Emotions have a powerful influence on how an individual behaves and views the world.1 The negative emotions that go along with mood swings can lead to pessimistic thinking and impact quality of life. Exactly what causes moodiness isn’t well understood. Various aspects of a horse’s environment and biology affect its emotional state, and a few of these are presented below.
If you are a horse owner or has been involved with horses at all you have heard the old saying “mood mares” are the worst! Let’s explore why that is….by the way all the mares that I have owned (2) were very sweet and not moody at all!
A veterinarian should exam a horses that experience mood fluctuations or persistent negative emotions. Moodiness can be a sign of underlying health issues that flare up periodically, such as allergies, joint and muscular pain, gastrointestinal issues, and disorders of the nervous and endocrine system. In humans, mood fluctuations are also associated with psychiatric conditions such as depression, bipolar disorder, and attention-deficit hyperactivity disorder. Whether horses suffer from these same mental disorders is not known. Previous injuries can cause occasional discomfort and associated changes in mood. If your horse grinds his teeth, it could be a sign that he is experiencing physical discomfort or stress.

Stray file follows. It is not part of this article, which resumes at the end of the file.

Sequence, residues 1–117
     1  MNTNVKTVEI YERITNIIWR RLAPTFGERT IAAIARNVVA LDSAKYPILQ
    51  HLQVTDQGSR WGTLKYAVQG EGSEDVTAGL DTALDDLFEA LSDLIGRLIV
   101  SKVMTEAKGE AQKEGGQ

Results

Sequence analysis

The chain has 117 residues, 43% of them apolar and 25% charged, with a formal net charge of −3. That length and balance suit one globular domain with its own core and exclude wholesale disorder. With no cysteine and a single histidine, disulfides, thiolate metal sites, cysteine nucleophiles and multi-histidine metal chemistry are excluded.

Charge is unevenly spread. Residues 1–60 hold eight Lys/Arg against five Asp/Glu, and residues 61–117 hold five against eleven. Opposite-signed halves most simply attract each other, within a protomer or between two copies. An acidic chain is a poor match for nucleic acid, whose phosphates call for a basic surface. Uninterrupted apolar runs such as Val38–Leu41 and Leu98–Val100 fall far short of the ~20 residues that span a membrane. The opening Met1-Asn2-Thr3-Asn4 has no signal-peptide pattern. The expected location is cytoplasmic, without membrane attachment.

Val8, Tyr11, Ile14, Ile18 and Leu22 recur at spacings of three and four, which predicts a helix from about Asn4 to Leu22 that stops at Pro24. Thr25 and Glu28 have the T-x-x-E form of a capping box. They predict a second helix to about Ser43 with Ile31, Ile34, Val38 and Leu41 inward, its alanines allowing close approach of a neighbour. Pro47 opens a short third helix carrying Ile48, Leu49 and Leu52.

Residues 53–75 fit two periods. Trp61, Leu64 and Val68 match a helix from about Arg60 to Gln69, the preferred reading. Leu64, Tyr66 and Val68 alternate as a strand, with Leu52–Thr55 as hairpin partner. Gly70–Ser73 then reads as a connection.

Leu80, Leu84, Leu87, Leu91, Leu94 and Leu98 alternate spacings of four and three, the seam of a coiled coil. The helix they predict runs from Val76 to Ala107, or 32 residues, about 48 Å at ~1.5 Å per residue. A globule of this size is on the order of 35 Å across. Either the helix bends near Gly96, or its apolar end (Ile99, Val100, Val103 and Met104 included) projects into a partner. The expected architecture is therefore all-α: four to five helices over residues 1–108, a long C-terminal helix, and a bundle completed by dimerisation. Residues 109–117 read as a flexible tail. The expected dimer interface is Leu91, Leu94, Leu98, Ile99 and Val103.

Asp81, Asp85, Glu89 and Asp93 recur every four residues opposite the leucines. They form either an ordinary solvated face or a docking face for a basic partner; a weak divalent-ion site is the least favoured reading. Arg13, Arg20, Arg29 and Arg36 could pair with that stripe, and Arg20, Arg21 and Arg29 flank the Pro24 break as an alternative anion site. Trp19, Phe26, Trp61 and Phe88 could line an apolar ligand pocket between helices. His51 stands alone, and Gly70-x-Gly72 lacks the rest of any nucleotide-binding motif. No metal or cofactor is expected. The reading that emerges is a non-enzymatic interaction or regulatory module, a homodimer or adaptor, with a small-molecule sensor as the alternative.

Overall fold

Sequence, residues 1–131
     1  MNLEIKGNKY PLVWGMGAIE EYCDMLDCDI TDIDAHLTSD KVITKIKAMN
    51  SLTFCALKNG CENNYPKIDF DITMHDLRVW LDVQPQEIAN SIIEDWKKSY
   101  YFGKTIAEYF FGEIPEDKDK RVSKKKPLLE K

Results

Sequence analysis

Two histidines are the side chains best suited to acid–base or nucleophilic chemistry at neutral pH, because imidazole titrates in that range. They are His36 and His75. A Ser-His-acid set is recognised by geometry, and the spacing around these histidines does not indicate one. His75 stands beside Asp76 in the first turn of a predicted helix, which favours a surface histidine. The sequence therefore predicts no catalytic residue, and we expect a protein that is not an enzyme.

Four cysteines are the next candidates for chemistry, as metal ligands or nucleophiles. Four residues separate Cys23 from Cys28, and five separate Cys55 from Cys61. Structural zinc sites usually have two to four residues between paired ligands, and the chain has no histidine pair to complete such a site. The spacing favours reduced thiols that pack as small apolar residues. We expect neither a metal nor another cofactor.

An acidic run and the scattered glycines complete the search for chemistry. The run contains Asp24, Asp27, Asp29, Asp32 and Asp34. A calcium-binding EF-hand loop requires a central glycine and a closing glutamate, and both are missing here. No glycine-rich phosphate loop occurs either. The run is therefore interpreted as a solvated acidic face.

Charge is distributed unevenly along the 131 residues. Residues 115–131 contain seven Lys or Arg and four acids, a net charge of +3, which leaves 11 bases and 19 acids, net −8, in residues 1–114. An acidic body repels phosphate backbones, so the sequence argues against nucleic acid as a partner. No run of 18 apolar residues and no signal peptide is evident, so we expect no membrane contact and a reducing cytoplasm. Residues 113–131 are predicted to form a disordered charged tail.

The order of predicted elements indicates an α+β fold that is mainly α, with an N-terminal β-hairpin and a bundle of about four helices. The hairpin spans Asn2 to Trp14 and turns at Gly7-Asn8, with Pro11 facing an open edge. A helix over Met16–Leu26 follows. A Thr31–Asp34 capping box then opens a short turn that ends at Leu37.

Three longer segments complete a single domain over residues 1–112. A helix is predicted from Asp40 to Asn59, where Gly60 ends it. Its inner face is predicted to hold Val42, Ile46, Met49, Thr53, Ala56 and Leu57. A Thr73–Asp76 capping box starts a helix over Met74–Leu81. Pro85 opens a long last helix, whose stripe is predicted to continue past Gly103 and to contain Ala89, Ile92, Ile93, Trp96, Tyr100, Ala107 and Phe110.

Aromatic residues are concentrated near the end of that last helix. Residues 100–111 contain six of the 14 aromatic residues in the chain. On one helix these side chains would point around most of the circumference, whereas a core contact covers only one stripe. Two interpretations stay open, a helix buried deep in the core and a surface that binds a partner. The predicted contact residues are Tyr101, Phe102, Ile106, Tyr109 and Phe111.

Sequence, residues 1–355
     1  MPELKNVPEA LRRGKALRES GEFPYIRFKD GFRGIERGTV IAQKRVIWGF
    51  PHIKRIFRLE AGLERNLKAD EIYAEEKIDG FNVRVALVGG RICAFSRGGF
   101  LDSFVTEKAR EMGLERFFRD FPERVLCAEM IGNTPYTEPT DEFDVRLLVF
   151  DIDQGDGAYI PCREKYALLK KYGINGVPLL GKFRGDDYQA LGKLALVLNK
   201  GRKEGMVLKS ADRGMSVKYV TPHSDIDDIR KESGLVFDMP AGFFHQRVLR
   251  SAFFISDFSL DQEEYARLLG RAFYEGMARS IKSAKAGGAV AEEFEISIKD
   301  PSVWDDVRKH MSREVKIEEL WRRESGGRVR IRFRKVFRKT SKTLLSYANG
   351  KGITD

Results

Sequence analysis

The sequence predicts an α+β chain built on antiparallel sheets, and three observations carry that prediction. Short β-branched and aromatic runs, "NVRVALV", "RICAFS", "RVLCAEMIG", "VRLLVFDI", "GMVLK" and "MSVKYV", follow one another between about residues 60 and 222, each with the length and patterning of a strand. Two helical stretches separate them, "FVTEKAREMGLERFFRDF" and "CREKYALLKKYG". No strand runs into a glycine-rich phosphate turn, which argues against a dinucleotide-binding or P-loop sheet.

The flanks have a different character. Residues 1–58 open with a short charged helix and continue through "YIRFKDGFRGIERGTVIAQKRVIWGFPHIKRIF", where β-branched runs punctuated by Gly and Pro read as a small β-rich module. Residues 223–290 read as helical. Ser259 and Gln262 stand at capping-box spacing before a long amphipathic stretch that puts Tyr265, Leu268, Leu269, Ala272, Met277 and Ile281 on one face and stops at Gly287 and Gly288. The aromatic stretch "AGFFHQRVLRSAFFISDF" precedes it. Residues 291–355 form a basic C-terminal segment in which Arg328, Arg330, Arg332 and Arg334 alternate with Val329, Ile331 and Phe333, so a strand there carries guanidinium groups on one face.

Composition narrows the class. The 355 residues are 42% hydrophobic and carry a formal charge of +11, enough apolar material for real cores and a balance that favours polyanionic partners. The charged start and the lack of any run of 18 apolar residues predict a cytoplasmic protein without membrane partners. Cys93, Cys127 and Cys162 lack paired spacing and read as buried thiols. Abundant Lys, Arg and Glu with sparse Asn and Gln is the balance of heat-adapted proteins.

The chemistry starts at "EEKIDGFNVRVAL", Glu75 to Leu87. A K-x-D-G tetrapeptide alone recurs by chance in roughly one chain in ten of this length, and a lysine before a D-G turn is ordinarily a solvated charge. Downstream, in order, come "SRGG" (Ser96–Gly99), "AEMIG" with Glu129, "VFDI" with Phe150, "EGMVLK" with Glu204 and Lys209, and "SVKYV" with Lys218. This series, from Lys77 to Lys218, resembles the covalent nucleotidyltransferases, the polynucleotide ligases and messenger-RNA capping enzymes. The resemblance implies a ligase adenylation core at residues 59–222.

Anxiety and stress
Moodiness has been linked to anxiety, and a string of bad days can lead to a loss of emotional control. Animals with an anxious temperament or who experience chronic stress tend to be more on edge, and negative emotions can be easily triggered by seemingly irrelevant or minor events. Interestingly, a recent study found that young horses showed larger swings in emotions than older horses in response in response to novel objects.2 Controlling mood swings caused by anxiety requires identifying and eliminating the sources of stress from the environment.